Finding a “Warm Space” to Think, Thrive and Let Things Go
I have noticed lately with this persistent winter weather that I find myself “hunkering down.” As I encounter the chill, my eyes are to the ground, my hands form fists to keep my fingers warm, and I move as quickly as possible to get to a warm space. I am nearly oblivious to anything even a few feet away.
There are certainly times at work where we need to focus in to get the job done – keep our heads down to keep all the balls in the air, meet the deadline, do the final push on a big project. That kind of focus does require at least some level of “blinders” to keep us from being distracted. And there can be satisfaction at the end – getting to the “warm space” of a more manageable schedule with time to check in with colleagues, think strategically, and consider the meaning of our work and how we can make substantive change on the things that matter.
As managers, we must have this space. We can’t be running all the time – we must be able to slow down and find a place to create, envision and ponder.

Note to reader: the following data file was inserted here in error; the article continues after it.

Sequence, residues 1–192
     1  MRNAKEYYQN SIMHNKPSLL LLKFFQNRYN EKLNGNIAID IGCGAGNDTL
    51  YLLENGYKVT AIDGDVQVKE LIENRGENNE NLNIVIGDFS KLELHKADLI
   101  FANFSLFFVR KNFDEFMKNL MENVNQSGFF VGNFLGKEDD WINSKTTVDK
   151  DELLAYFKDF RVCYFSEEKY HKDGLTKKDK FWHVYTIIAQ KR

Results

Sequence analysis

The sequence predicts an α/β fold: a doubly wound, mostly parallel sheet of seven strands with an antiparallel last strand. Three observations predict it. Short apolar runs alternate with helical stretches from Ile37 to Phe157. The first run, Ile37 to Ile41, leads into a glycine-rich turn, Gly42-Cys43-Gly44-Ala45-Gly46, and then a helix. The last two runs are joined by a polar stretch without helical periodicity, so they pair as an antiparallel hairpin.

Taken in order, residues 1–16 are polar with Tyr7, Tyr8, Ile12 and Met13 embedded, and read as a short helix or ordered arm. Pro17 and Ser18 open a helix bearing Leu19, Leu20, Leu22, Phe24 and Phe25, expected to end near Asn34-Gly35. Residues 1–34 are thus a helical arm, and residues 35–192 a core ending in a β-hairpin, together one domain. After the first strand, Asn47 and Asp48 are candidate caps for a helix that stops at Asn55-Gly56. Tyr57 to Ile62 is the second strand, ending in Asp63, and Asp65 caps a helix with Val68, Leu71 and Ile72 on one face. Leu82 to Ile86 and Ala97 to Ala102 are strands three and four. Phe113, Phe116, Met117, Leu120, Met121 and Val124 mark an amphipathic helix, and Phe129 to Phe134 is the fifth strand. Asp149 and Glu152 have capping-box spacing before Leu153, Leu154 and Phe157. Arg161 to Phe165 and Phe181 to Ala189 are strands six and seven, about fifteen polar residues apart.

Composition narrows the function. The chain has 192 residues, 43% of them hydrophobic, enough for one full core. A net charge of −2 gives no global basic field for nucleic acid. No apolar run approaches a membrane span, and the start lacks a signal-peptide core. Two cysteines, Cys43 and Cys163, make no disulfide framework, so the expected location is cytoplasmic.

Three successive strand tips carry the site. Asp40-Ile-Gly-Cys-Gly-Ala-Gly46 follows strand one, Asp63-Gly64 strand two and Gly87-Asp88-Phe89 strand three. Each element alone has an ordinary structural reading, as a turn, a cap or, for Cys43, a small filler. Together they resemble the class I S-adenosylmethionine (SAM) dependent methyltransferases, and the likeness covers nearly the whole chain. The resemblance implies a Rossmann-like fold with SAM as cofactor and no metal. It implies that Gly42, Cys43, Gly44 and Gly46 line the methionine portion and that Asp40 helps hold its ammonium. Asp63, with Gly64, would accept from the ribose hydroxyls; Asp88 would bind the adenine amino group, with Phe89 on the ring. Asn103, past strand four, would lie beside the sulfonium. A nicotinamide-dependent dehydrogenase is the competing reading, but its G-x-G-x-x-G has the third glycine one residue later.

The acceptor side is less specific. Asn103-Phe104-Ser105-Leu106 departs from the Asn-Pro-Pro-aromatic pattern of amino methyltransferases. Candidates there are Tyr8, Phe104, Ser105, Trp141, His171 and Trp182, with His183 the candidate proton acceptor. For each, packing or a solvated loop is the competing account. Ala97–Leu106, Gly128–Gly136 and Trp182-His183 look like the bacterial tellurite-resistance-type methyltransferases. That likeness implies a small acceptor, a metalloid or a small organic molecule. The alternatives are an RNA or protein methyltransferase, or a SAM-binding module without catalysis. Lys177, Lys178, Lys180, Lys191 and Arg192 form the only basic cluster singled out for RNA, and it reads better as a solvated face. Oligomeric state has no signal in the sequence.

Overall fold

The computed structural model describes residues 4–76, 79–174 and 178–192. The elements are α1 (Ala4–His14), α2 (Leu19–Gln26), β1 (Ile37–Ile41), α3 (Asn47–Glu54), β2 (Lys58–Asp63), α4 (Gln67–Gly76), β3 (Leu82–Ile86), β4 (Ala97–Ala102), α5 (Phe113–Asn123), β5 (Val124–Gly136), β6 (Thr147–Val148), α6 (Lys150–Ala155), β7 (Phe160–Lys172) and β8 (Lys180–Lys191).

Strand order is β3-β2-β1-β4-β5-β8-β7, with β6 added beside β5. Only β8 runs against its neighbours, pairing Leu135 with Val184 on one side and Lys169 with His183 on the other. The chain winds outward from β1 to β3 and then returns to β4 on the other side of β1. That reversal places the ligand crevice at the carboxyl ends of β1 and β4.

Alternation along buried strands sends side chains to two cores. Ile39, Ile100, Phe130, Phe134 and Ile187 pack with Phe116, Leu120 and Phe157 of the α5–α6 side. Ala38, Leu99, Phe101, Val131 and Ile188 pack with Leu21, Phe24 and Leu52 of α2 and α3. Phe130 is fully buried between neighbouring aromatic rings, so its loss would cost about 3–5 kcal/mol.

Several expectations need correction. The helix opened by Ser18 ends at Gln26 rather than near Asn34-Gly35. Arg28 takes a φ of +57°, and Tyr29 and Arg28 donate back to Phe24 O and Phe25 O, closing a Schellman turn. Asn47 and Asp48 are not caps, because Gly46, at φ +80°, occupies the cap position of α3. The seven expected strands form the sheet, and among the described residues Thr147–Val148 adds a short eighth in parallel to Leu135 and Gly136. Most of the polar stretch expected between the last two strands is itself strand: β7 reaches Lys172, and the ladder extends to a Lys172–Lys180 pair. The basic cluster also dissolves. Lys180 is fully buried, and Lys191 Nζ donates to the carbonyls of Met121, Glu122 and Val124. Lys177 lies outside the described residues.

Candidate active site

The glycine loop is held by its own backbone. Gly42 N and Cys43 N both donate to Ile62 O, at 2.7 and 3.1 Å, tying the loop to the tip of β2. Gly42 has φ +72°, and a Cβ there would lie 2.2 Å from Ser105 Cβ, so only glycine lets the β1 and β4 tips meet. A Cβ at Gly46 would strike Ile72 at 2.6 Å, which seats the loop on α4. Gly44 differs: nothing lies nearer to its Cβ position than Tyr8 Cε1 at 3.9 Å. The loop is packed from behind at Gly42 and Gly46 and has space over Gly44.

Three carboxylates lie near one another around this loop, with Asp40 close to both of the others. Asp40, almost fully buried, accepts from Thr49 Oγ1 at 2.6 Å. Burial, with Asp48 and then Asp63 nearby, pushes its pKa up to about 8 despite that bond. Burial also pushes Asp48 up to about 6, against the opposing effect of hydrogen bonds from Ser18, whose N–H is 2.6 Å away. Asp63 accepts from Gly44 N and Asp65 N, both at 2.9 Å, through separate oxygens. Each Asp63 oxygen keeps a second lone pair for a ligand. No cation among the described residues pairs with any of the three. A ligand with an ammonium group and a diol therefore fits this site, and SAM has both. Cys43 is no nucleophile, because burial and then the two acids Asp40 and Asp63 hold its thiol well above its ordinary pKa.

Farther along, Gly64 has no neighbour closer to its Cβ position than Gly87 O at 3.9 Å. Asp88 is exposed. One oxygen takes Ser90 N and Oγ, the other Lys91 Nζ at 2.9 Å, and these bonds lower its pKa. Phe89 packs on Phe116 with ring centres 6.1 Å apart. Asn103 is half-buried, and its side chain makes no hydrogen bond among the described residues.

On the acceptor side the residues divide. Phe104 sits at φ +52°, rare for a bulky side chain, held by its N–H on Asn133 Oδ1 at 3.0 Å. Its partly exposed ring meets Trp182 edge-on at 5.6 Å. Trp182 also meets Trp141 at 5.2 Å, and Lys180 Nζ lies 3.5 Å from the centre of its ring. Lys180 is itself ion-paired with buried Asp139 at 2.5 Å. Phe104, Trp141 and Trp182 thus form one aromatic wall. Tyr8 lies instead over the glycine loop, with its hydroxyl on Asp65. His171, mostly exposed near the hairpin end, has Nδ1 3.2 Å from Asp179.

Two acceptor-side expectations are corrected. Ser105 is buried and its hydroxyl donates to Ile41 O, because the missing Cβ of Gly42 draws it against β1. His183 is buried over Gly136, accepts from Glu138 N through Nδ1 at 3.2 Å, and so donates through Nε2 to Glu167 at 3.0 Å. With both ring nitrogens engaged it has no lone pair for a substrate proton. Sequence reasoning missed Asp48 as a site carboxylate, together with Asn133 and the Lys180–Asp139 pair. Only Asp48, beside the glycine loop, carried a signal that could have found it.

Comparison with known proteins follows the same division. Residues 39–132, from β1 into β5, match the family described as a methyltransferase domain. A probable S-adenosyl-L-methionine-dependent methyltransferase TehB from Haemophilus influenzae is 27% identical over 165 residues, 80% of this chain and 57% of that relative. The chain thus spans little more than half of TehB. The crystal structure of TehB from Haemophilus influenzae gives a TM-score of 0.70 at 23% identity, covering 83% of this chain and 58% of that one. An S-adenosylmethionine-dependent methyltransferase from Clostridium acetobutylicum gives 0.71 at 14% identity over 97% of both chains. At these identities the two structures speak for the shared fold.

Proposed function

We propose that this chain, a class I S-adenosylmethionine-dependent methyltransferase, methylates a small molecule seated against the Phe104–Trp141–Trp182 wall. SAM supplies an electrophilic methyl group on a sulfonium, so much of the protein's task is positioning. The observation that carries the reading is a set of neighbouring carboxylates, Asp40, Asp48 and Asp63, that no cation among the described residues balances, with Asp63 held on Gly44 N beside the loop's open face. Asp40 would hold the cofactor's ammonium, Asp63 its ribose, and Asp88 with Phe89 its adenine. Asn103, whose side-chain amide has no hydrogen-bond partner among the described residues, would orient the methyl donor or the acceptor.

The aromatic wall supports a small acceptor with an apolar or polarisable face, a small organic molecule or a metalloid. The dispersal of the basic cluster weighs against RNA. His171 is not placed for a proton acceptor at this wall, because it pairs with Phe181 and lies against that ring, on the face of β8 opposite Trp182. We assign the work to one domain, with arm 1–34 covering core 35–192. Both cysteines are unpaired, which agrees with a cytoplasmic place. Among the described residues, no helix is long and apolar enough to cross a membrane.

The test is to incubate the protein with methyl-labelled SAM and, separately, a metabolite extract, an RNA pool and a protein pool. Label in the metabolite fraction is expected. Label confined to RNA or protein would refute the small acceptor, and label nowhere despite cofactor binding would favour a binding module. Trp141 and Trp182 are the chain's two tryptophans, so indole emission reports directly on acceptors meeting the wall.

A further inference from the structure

In the last Member Briefs, I talked about various strategies to get free of the abominable “to do” list and to find room in our work for these essential elements. One AMCHP member responded that a concept she had found helpful was management guru Peter Drucker’s theory of “purposeful abandonment.” Drucker posed that, in the life of any organization, things get continually added, but nothing ever gets taken off the list. Every organization has a limited amount of time, energy and resources. Never letting anything go works for a while, but it can’t be sustained. At some point we have too much to do – we suffer, and so do our efforts.
This is where “purposeful abandonment” comes in. Drucker suggests that the question be posed: “What are we doing that we can stop doing without compromising our mission?” People need to be encouraged to answer honestly and in a brainstorming spirit, without judgment. Typically many good ideas emerge and some of them may actually be quite workable. Even changes in small things can help, because they too take time, energy and resources. You can find one contemporary writer’s thoughts about how to start the conversation here.
So, get to that warm place and practice a little “purposeful abandonment.” Spring could be literally and figuratively around the corner.